An auto repair shop will never be out of business provided it keeps its technicians updated on current market needs. A study by Hedges Company stated that in 2020, there were 286.9 million vehicles registered in the U.S. The forecast is that this will increase to 289.5 million vehicles registered at the end of this year. All vehicles need maintenance and repair, and those numbers indicate good business for auto repair shops.
Right to Repair
For the past 20 years, the Auto Care Association (ACA), Automotive Aftermarket Suppliers Association (AASA), and Motor and Equipment Manufacturers Association (MEMA) have been strongly advocating for the right to repair among car owners. This is because several car manufacturers include components in their automobiles that must be replaced only by the manufacturers once they become defective. In some cases, these components do not need outright replacement, but only the repair of certain parts. The right to repair will enable auto repair shops to do more affordable work that also benefits car owners.
The ACA, AASA, and MEMA applauded the executive order signed by President Joseph Biden on July 9 asking the U.S. Federal Trade Commission (FTC) to put in place more regulations to forbid auto manufacturers from restricting independent auto repair.
As of now, only Massachusetts has a right to repair law. It obliges auto manufacturers to provide independent repair shops with diagnostic and repair information and technical updates at a fair price. A memorandum of understanding was also drawn up between auto manufacturers, except Tesla, and independent repair shop organizations in which the manufacturers agreed to apply the Massachusetts law to all other states provided that no other state comes up with a similar law. That law, however, is incomplete because it specifically excludes information on automotive telematics. This refers to the wireless transmission of mechanical information data to a remote server. If the FTC passes a federal law covering all aspects of auto repair, including automotive telematics, this will overrule the Memorandum of Agreement and its limitations.
Data from the International Energy Agency (IEA) shows that there were about 1.8 million electric vehicles (EVs) registered in the country in 2020. Of these, more than 1.1 million were all-electric vehicles. The rest were either plug-in hybrid vehicles or fuel cell vehicles.
According to a survey by the Pew Research Center, only seven percent of adults in the population currently own electric or hybrid vehicles. Nearly 40 percent stated that they are considering an electric vehicle for their next purchase, but 46 percent stated that they will not do so.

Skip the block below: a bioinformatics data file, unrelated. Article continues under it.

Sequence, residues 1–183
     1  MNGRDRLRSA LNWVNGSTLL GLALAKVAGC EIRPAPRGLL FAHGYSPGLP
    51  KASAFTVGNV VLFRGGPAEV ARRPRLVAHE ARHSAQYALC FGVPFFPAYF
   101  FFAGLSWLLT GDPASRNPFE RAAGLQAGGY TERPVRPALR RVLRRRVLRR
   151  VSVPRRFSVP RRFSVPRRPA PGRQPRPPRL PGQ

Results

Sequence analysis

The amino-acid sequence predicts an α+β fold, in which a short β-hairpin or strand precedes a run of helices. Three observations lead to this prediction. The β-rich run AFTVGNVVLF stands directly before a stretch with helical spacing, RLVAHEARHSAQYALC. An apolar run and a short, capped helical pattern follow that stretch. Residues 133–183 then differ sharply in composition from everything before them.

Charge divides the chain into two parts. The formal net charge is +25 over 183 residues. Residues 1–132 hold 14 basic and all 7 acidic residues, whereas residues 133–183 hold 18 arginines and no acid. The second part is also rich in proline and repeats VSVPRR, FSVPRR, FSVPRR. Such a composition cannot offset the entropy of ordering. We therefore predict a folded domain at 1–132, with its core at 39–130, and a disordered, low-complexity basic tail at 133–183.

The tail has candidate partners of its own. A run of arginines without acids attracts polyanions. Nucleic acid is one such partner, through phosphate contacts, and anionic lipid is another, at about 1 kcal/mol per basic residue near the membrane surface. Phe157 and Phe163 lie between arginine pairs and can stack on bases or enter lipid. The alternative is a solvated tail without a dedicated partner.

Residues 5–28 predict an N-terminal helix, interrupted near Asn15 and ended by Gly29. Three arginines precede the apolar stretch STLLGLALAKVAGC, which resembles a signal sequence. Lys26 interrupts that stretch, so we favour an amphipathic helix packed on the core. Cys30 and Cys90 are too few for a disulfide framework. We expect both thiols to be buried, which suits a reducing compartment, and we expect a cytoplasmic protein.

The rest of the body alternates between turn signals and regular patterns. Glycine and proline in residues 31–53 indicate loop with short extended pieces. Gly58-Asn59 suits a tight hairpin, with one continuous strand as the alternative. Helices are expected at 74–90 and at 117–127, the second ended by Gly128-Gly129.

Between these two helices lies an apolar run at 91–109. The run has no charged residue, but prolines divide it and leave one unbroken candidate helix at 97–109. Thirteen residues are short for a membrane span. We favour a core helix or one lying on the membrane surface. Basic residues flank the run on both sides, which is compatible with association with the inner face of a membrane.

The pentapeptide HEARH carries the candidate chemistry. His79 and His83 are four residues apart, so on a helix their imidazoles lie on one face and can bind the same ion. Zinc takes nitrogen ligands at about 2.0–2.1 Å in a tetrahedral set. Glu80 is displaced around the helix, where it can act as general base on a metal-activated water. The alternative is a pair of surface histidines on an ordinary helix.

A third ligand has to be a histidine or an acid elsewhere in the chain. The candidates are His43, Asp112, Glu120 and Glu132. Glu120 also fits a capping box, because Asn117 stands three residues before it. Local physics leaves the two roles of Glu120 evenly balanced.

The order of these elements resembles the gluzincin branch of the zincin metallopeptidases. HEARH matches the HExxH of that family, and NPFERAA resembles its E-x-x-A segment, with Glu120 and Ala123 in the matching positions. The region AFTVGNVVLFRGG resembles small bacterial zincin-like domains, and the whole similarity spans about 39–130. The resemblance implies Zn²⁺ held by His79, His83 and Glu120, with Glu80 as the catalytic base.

On August 5, President Joseph Biden signed an executive order calling for half of the total new vehicle sales to be electric by 2030. It includes purely electric cars as well as hybrid vehicles. In California, by 2035, the requirement will be for all new vehicles to be electric.
Even electric cars need regular maintenance, though. For instance, they need a regular tire rotation, alignment, and balancing on a wheel balancer because they weigh more than internal combustion energy (ICE) cars and, therefore, wear out the tires faster. Electric vehicles will also need to have brakes and bodywork checked. These will need the replacement of the steering fluid, brake fluid, and windscreen wiper fluid. These are traditional car repair services. Auto repair technicians must, however, learn how to handle and repair the battery of electric cars that differ from ICE cars.
Even ICE vehicles have advanced digital systems that make it necessary for automotive technicians to upgrade their skills. McKinsey & Co. and Bosch stated that as of 2010, the average vehicle already included some 10 million lines of code. In 2016, the Ford F-150 truck already included 150 million lines of code. McKinsey states that by 2030, vehicles will include some 300 million lines of code.
Furthermore, according to Volvo technical training senior manager, Jeffrey Jennings, all of their radar and lidar systems are now more complex than those in a Boeing 787, and the adaptive cruise control and automatic braking systems in nearly all vehicles are also elements of autonomous driving.
While all the basic requirements for technical skills are still applicable and need to be studied, these must now be supplemented by digital skills training. Volvo now requires web-based training and an additional 34 days of instructor-led training plus three tests.
Auto Repair Shops into the Future
There will always be a need for auto repair shops that are keeping themselves up-to-date on the automobile industry’s technological advances. By retaining all current skills and adding on new ones, they will be able to service both old and new vehicles. This is now the bottom line for any auto repair shop to succeed.